Lack of morning wind proves problem for pilots over river

Published 12:00 am Sunday, October 22, 2000

Two balloons participating in the Saturday morning flight of the 15th annual Great Mississippi Balloon Race landed in the Mississippi River near its banks.

But no one was injured, and no equipment was damaged, according to the balloons’ pilots and Laura Godfrey, race committee chairman.

&uot;I had a full tank of fuel, so I don’t really know what happened — I&160;just lost power,&uot; said Terry Colgate of West Monroe, La., pilot of a balloon that landed in the river near its Mississippi side.

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&uot;Everyone’s OK and the balloon’s OK, and those are the main things,&uot; added Colgate, who was carrying one passenger at the time the accident happened.

&uot;There was no wind, absolutely none,&uot; said pilot Dean Durr of Waynesboro, describing why his balloon landed on the Louisiana side.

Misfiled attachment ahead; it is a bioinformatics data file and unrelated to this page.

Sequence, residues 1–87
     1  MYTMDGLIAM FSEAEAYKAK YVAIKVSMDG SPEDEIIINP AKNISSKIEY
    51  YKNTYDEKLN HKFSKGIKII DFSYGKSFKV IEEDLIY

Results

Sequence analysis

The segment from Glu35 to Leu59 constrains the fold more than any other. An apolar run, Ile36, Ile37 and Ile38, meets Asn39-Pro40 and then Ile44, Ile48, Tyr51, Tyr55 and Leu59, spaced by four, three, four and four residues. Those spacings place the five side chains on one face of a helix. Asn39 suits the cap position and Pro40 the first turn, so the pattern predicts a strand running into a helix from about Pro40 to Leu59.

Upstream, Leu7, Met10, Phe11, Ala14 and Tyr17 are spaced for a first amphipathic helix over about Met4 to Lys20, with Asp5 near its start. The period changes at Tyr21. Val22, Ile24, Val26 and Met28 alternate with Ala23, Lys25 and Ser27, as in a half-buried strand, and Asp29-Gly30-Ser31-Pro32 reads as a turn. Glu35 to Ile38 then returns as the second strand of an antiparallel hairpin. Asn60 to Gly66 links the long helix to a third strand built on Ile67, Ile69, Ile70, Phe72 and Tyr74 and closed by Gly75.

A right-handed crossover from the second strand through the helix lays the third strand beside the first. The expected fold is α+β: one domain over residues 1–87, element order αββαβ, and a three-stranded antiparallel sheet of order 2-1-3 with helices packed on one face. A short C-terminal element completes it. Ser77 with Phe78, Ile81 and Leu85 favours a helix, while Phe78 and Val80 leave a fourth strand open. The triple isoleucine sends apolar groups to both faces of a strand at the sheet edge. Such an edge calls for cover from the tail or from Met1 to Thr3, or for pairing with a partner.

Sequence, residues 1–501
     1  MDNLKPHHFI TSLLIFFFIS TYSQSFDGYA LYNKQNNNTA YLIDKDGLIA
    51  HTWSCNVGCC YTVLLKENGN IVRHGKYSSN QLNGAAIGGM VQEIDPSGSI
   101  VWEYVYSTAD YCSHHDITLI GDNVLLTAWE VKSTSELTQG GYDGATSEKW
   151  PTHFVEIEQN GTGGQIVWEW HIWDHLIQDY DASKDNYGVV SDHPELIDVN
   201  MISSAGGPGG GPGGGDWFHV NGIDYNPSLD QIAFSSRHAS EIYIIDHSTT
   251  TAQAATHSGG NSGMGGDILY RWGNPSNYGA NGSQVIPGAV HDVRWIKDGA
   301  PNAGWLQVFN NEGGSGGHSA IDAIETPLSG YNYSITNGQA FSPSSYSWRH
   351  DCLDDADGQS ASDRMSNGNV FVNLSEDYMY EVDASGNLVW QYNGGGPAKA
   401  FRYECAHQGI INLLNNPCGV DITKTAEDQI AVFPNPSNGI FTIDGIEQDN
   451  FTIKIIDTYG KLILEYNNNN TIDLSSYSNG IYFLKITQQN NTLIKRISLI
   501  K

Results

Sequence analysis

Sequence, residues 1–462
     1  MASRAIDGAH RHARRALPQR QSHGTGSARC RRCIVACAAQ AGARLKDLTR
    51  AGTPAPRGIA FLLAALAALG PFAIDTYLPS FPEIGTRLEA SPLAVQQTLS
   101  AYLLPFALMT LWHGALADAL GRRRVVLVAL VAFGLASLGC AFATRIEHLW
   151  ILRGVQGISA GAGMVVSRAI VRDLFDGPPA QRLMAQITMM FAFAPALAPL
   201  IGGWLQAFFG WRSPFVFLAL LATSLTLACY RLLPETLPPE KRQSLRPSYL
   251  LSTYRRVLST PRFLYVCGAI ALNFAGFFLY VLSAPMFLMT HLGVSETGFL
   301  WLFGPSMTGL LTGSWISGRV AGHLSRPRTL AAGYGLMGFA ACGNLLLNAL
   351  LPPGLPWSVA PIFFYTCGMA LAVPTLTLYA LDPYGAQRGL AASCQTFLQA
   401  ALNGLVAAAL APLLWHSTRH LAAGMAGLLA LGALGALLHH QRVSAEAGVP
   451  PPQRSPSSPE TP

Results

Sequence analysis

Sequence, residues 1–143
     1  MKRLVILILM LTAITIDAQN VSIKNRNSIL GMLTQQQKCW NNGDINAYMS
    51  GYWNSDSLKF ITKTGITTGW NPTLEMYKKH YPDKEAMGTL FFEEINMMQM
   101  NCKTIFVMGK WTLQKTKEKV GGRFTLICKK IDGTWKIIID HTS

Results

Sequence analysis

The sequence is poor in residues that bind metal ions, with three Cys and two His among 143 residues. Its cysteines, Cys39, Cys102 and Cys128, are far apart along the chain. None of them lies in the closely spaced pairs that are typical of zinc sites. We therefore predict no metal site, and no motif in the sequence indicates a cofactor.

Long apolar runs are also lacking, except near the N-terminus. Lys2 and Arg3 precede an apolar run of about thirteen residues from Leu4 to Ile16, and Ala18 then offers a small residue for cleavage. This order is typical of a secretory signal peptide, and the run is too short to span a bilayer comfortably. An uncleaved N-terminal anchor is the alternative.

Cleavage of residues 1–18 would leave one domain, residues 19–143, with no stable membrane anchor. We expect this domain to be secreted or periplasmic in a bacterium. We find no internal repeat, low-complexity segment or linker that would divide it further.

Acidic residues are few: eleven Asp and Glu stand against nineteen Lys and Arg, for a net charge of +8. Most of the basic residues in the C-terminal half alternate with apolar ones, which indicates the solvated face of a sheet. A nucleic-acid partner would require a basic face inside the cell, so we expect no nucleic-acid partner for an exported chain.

A barge heading in the direction of the balloons was alerted of the accidents by the Adams County Sheriff’s Office, according to Bubba Richardson, a volunteer for the department’s Special Operations Unit.

The sheriff’s office also brought in its helicopter to create a &uot;downdraft&uot; that blew the envelopes, or balloon parts of the crafts, onto the banks of the river, he said.

&uot;We’re in constant communication with the folks involved in the race, including the pilots, so we know when something’s wrong,&uot; Richardson said.

Another minor incident happened at 6 p.m. Saturday, when a remote control airplane being controlled by Richard Ezel of Vidalia flew through the envelope of a balloon being piloted by Gary Nelson at the Concordia Parish Airport near Vidalia, said Adams County Sheriff Tommy Ferrell.

The balloon was already preparing to descend and was just 75 feet from the ground when the incident happened, according to Allen Yost, a director of the National Association of Balloon Pilots, which sponsors the annual Natchez balloon race.

There were no injuries, but the accident caused an estimated $3,000 to $4,000 worth of damage to the balloon, Ferrell said.

The Federal Aviation Administration will investigate the accident as it does all aircraft-related incidents, according to race officials.